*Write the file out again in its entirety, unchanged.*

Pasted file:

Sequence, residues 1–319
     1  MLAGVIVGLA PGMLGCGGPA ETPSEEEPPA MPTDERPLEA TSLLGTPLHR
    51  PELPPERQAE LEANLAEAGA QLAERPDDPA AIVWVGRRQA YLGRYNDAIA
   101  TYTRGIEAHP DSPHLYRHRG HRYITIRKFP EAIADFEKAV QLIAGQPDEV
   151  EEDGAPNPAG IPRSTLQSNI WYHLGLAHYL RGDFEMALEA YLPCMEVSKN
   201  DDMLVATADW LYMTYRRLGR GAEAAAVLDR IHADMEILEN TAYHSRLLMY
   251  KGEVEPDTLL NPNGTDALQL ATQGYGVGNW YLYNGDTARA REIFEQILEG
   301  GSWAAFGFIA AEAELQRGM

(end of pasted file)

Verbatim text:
Sequence, residues 1–319
     1  MLAGVIVGLA PGMLGCGGPA ETPSEEEPPA MPTDERPLEA TSLLGTPLHR
    51  PELPPERQAE LEANLAEAGA QLAERPDDPA AIVWVGRRQA YLGRYNDAIA
   101  TYTRGIEAHP DSPHLYRHRG HRYITIRKFP EAIADFEKAV QLIAGQPDEV
   151  EEDGAPNPAG IPRSTLQSNI WYHLGLAHYL RGDFEMALEA YLPCMEVSKN
   201  DDMLVATADW LYMTYRRLGR GAEAAAVLDR IHADMEILEN TAYHSRLLMY
   251  KGEVEPDTLL NPNGTDALQL ATQGYGVGNW YLYNGDTARA REIFEQILEG
   301  GSWAAFGFIA AEAELQRGM